Joe Torre is now MLB’s “Chief Baseball Officer”

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Major League Baseball just announced an executive reorganization. A big part of it is the elevation of Bob Bowman of MLBAM who, as we noted yesterday, is taking over all business operations of MLB and has the new title “MLB’s President, Business & Media.”

Others, already in lace, get snappier, more media-friendly titles:

  • Pat Courtney, MLB’s Senior Vice President for Public Relations becomes Chief Communications Officer;
  • Dan Halem, Executive Vice President for Labor Relations, becomes Chief Legal Officer;
  • Jonathan Mariner, currently Executive Vice President, Finance & Chief Financial Officer, becomes Chief Investment Officer;
  • Tony Petitti, President & CEO of MLB Network, is now Chief Operations Officer;
  • A new hire — Bob Starkey — becomes Chief Financial Officer & Senior Advisor. He has long advised MLB from his private consultancy, however; and
  • Joe Torre, Executive Vice President for Baseball Operations becomes its Chief Baseball Officer.

Viva streamlining. And calling Joe Torre “CBO” whenever he is in the news for some disciplinary action or some inexplicable and farkakte interpretation of a rule.

Ramón Laureano made an absolutely ridiculous play yesterday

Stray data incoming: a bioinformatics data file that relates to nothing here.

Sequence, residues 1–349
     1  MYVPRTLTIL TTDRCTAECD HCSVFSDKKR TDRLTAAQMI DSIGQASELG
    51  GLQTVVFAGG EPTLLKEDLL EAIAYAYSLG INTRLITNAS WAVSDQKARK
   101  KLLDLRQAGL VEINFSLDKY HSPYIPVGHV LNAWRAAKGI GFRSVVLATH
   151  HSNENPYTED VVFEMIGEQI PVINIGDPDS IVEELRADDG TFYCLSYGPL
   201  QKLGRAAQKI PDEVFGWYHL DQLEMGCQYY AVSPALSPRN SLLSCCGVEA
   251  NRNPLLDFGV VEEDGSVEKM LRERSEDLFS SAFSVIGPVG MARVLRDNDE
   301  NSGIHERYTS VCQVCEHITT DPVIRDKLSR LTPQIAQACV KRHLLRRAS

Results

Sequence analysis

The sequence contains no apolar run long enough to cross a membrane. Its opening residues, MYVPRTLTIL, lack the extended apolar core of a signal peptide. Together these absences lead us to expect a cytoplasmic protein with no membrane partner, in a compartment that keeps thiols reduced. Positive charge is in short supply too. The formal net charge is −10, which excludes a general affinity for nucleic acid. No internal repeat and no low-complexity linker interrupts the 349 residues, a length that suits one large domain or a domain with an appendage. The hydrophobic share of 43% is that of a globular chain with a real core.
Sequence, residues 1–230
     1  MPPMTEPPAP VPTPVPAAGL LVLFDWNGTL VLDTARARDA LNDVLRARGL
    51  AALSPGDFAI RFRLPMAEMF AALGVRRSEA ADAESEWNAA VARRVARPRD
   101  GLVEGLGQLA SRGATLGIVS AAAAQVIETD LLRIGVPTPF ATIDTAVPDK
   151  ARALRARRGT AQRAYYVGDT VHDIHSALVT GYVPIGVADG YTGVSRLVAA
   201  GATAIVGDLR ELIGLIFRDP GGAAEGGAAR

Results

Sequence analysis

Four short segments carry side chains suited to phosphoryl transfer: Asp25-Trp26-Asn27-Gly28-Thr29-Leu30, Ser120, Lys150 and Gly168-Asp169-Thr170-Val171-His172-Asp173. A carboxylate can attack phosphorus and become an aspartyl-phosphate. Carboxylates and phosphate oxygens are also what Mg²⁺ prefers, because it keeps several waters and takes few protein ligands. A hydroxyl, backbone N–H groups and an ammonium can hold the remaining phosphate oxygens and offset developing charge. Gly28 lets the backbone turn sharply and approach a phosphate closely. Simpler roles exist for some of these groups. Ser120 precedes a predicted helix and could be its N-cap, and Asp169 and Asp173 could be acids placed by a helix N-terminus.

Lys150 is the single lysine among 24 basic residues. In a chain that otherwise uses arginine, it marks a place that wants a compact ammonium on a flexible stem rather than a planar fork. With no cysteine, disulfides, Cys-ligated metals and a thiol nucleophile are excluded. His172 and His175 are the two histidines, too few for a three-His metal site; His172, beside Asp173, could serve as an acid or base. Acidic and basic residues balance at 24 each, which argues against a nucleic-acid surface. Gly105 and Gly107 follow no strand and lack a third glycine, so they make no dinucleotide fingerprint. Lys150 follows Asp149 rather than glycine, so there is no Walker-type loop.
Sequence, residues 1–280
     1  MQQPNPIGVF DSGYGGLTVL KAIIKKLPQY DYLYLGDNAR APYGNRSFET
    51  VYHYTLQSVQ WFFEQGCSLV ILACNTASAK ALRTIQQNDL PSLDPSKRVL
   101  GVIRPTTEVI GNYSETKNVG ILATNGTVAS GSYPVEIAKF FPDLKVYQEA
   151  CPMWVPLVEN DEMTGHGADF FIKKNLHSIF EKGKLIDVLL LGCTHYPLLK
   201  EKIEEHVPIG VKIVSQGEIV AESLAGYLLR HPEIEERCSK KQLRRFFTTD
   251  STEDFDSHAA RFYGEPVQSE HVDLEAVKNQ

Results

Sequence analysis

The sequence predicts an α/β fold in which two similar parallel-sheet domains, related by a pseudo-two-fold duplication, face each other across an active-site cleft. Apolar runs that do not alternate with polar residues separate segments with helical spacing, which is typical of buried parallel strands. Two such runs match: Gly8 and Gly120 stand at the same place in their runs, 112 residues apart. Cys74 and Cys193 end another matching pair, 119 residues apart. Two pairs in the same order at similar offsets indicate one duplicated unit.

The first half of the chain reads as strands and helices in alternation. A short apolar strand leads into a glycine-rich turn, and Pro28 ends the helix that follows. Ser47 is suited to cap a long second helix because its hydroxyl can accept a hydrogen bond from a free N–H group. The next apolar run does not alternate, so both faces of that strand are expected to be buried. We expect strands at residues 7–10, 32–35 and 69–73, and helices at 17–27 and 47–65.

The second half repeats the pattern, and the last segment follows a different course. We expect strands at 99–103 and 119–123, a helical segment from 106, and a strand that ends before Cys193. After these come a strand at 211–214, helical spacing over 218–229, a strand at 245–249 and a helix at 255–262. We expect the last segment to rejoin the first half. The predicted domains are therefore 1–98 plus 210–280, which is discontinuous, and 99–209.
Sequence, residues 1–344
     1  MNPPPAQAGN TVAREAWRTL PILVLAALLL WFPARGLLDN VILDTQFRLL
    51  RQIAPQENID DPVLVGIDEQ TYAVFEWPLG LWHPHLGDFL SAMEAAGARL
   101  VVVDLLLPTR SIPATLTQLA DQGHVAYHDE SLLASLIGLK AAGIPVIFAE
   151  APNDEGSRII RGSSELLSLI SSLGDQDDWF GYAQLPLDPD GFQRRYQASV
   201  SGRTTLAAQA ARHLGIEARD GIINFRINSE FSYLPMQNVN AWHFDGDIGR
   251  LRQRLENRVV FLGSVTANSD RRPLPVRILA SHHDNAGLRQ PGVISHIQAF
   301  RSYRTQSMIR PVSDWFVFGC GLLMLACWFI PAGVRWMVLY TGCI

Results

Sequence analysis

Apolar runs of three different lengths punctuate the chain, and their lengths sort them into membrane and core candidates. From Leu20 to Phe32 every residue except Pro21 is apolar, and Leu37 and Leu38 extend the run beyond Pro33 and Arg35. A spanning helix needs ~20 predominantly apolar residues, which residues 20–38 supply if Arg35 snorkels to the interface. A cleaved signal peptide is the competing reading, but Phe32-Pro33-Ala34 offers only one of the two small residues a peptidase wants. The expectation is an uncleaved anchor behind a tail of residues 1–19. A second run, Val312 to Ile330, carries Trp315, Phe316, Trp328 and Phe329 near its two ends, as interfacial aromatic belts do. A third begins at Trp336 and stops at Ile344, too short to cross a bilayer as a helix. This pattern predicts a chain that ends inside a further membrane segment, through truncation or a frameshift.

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I talked about it in the recaps, but dear lord does Oakland A’s outfielder Ramón Laureano’s play in yesterday’s game against the Blue Jays deserve it’s own post.

Jays first baseman Justin Smoak led off the second with a single Then Teoscar Hernández then came up and hit a long drive to center. In what, in and of itself, would’ve lead the highlight reels yesterday, Laureano ranged back to the wall and reached over to rob Hernández of a homer.

Laureano is known best for his arm, though, and that’s when he unleashed that hose, attempting to double off Smoak at first base all the way from the warning track. The throw was not on target — indeed, it sailed way past first base — but that was itself impressive as all get-out. As A’s pitcher Brett Anderson said after the game, he’s pretty sure the throw went farther than Hernández hit the ball in the first place. The arm strength on display there was simply phenomenal. But it was also lucky.

Lucky because the throw went so far into foul territory that it gave Smoak the courage to break for second base. Laureano was not the only one playing great defense on the play, though: A’s catcher Nick Hundley backed up the play, got Laureano’s errant throw and fired it down to second, nailing Smoak. And heck, Hundley’s throw was nothing to sneeze at either:

That did not go as an outfield assist for Lauerano, obviously, as his bad throw — which would’ve been an error had Smoak managed to advance, we must admit — broke that up. So, in the books it goes as an F7 and then a separate 2-4 putout. Still, it just shows Laueano’s incredible defensive abilities, both with the leather and with that cannon he has for an arm.

An arm that, this play not withstanding, gets him plenty of assists. Indeed, he has has five assists this season already and has 14 assists in just 70 games, which is a lot. To put it in perspective, it usually takes somewhere between 12-18 to lead the league in a full season with 20 being an outlier of sorts, only seen once every five years or so.

So, if you’re gonna hit it to center against the A’s, make sure you hit it all the way out. And if Laureano gets to it, for god’s sake, don’t run on him.